This Flemish beef stew, or carbonnade flamande, is the national dish of Belgium. It is the perfect dish to serve to friends on a cold winters evening. I love to serve it with crispy potatoes in their jackets but it would be equally lovely with smooth mashed potatoes which would just soak up the lovely rich gravy.
Marinate the beef overnight in the ale with the garlic and bay leaves.
The next day, drain the beef from the marinade, reserving the marinade.
Pat the meat dry with kitchen paper and toss it in the seasoned flour until evenly coated. Shake off any excess flour so it is lightly dusted.
Heat 2 tbsp of the rapeseed oil in the inner pot until hot and fry the beef in 3-4 batches for about 5 minutes per batch, stirring occasionally. You may need to add a little more oil between batches but make sure it is hot again before adding the next batch. Remove the meat with a slotted spoon to a plate and set aside.
Lower the heat to medium and fry the pancetta in the inner pot, stirring occasionally, until crisp and golden.
Scoop the pancetta out with a slotted spoon and set aside with the beef.
Add the carrots, onions and leek into the inner pot and fry, until they start to brown.
Add the tomato purée, the beef, the reserved marinade, the pancetta, the beef stock and bouquet garni to the casserole.
Season with salt and pepper and bring to the boil.
Once boiling turn down to a simmer and simmer for 5 minutes with the lid on.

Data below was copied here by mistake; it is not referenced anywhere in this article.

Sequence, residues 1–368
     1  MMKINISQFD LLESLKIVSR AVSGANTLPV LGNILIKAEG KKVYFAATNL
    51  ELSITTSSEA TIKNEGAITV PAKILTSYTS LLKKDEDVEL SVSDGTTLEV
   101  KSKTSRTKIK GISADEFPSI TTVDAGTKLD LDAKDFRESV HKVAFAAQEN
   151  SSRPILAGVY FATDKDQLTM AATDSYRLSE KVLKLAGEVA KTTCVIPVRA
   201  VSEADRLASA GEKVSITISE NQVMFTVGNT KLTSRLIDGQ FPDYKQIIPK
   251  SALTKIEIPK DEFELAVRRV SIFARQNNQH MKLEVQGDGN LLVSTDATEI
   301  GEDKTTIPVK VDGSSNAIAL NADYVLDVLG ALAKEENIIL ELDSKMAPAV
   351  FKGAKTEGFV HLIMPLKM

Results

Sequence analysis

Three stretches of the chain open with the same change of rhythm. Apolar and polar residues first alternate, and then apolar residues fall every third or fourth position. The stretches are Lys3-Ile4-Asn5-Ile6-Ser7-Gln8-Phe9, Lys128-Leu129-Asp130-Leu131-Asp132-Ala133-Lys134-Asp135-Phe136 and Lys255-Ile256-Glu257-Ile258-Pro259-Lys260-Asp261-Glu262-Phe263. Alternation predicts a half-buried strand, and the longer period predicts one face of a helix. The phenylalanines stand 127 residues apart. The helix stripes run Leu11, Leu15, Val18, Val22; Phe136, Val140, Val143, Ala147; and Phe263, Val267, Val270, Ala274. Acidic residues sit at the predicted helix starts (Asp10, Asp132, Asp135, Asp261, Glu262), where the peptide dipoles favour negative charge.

Turn off the heat and place the inner pot into the vacuum-insulated outer Mr D's Thermal Container.
Shut the lid and leave to thermally cook without power for a minimum of 4 hours.
Serve mashed potatoes or potatoes in their jackets and greens.
It is just over a year since I started sending out weekly recipes and to celebrate I have made a recipe adapted from one by Atul Kochher one of only two Indian Chefs in the world to be awarded a coveted Michelin Star. I decided to serve with Atul Kochhars Indian Roast Beef a South Indian vegetable curry which I made in the top pot. If however you do not have a top pot then you can increase the size of beef and increase the beef stock a little. The beef is left to thermally cook for as long as possible to make it so it melts in the mouth. This recipe is certainly worth trying and don't be put off by the amount of garlic and chili as both these mellow during the long, long cook.